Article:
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Telephone Free IndicatorDepending on local regulations and the telephone company you happen to be connected to, the voltage on a free telephone line can be anything between 42 and 60 volts. As it happens, that’s sufficient to make a diac conduct and act like a kind of zener diode maintaining a voltage of 38 V or so. The current required for this action causes the green high-efficiency LED in the circuit to light. Line voltages higher than about 50 V may require R1 to be changed from 10 kΩ to a slightly higher value. When the receiver is lifted, the line voltage drops to less than 15 V (typically 12 V) causing the diac to block and the LED to go out.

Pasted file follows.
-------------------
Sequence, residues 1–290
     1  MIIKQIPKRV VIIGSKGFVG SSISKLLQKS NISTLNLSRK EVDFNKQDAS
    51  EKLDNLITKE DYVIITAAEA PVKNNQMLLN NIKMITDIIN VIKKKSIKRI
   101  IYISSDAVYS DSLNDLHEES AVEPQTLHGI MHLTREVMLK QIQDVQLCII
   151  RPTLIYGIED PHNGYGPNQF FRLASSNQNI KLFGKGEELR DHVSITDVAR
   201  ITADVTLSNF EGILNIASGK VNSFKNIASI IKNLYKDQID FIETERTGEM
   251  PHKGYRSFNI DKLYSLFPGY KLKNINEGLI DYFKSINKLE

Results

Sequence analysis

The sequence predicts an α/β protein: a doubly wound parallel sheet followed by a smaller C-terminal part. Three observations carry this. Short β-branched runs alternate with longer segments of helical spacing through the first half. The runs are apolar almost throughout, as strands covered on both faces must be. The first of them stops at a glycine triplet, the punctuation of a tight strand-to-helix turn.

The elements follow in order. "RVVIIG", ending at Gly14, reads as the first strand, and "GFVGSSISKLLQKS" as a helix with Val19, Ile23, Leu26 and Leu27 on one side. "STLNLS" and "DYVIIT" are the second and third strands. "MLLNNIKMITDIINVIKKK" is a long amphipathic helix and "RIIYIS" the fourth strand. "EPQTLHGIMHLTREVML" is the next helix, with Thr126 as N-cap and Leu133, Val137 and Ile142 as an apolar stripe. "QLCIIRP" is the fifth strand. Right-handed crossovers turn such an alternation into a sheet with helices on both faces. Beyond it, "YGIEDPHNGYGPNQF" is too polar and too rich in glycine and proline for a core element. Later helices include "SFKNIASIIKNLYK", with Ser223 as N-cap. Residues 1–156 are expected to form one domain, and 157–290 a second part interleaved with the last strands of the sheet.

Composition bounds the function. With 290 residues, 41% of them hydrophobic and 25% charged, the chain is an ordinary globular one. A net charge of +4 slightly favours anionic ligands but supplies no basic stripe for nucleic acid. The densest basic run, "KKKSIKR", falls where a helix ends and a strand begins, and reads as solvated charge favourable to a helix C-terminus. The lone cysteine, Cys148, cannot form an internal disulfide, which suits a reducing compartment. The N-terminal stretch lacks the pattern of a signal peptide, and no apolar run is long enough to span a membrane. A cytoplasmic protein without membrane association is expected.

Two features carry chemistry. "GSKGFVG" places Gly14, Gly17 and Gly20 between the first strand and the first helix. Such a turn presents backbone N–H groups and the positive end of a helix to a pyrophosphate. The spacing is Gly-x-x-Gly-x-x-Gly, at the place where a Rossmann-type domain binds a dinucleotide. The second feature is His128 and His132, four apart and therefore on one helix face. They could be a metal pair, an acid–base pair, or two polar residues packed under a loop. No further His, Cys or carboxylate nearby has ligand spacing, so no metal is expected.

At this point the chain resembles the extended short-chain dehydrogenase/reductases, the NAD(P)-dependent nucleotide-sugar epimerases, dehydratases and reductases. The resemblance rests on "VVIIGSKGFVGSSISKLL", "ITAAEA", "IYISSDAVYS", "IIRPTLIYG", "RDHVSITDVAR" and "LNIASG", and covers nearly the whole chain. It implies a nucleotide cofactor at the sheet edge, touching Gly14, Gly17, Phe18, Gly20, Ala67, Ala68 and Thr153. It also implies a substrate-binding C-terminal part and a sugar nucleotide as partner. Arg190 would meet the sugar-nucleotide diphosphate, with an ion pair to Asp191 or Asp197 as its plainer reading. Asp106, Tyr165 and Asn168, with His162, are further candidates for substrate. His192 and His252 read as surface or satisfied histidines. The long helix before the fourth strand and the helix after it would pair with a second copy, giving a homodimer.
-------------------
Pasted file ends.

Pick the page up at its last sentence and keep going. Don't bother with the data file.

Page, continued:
The circuit diagram indicates + and – with the phone lines. However, in a number of countries the line polarity is reversed when a call is established. To make sure the circuit can still function under these circumstances, a bridge rectiﬁer may be added as indicated by the dashed outlines. The bridge will make the circuit independent of any polarity changes on the phone line and may consist of four discrete diodes, say, 1N4002’s or similar. Finally, note that this circuit is not BABT approved for connection to the public switched telephone network (PSTN) in the UK.